AFTERWORD

An account such as this requires a few pertinent remarks. My father wrote to me a few comments after reading of these events. It brought back some memories of things that didn't make him feel very good. That is a very real fear in families that really love each other. It wasn't terribly unreasonable for him to want to have these things remain buried. And it puzzled him why I would rehash such things all over again. So I wrote him back this reply.

Believe me I don't plan on rehashing every event that makes me cringe upon remembrance. Some I will let lay with me in the grave (or more accurately, since I want to be cremated, turn to ashes). But I am sorry that these things still bring you both pain. I do feel some of this as well when I again read the letters you wrote to me during some of those tumultuous times in El Paso and in Germany. And I again apologize to you both for who I was then and what I put you both through--there can be no excuse for those things. And I want to say so many other things along these same lines to let you know how differently today I see our relationship from those days so long ago. But, not being a talented writer, words fail me. I have, I believe, come a long way since then and I have made my peace with my history, and can look a little more objectively today at so many of these events and I accept my sole responsibility for them. And my objective and hope from the web posting is that some one individual will profit from the telling.

On the other hand, you pre-suppose that anyone is going to actually read these articles!

With all my Love, your (new) son, John

I should state for the record that when mentioning St. Augustine I certainly didn't intend to imply that I put myself in the same honored group in which he dwells, among the revered church fathers. I only draw the similarity that a description of one's former sins can serve to lay the foundation for building the framework upon which the reforming power of God's graciousness can be revealed. And I reiterate that this transformation can be read in my sketch of The Meeting. One can only wonder how Augustine's own family and friends might have felt when they read the vivid accounts he penned describing the degree to which he sank into reprobation. One can only imagine! And how do authors handle these types of issues when they write their great published stories that don't hide behind fictions and disguises? They surely grappled with the same questions about how their families and friends might react, would they have not? It's not surprising that a loving parent would feel somewhat dismayed by revelations such as these. After all these are the closest people to the author and have many reasons to protect him from all kinds of negatives and suffering. It may be considered for this reason that they are in some senses too close to the issue, if I may risk seeming insensitive, and That's as it no doubt should be. I feel I would think similarly were I in my dad's shoes. But I am thinking that those outside the family will not have such "distortions though spectacles of love" with which to view the subject. I suspect that others will read and think pretty much the same things I have thought through the retelling. And that is, "How could he have done those things, and what has been the fruit of this?"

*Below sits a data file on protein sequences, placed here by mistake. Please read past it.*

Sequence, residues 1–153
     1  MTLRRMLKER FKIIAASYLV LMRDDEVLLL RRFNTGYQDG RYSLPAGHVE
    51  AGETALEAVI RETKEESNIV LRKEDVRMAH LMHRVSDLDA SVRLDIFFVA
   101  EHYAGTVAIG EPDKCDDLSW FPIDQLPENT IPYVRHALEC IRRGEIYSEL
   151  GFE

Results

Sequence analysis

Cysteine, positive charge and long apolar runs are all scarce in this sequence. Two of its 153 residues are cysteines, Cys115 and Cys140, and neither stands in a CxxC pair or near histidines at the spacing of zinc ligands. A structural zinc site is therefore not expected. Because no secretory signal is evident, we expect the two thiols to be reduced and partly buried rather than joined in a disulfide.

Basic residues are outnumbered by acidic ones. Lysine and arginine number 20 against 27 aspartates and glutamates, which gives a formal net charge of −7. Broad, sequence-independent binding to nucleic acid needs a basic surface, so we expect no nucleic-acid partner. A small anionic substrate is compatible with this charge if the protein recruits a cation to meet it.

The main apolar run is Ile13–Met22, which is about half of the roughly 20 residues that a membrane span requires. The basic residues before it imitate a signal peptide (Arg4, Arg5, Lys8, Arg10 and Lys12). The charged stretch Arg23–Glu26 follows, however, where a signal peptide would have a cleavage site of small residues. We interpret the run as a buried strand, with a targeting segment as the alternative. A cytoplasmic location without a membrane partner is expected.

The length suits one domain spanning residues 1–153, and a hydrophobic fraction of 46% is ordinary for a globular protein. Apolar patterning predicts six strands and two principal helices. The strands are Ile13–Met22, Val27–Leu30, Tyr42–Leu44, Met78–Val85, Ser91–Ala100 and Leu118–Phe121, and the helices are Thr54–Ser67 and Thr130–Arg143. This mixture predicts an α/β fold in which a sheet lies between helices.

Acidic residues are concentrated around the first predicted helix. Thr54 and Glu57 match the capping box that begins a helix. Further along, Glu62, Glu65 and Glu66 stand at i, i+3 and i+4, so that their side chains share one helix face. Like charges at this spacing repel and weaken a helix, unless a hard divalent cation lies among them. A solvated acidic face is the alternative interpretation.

I ask myself the same questions, how could I have treated people the way I did on occasions back then? The answer is pretty obvious. We all treat people at one time or another hurtfully, sometimes quite often, sometimes with great insensitivity. With some people the behavior is never even recognized. I have at times counted myself among them. And the hope is that a pricking of conscience may reveal the wrong done and the correction should follow. With me it took way too long, but it finally did come about. Sometimes one must be shocked into such awakening. It is a human frailty. Everyone suffers from it. The goal is to recognise it, in order for the change to occur. So I hold out hope that this story can be used to show others how not to go about one's life. Do I think that a few words from me will change someone's mind? I only have to remember, would I have listened when I was that age? My own answer is that, well, I didn't, did I? At least at that time. But then again the seed can be implanted and need only await the right conditions to germinate and develope fruit.

I love my parents and my family and certainly do not wish to cause them pain all over again. If the wounds bleed too much I will certainly be willing to remove these accounts. I hope that someone can learn from a description of some of life's more harsh realities than to expect that life is all roses and champagne. Time does heal a great many wounds. It has for me. My prayer is that it will for others.

John Schneider
June 12, 2000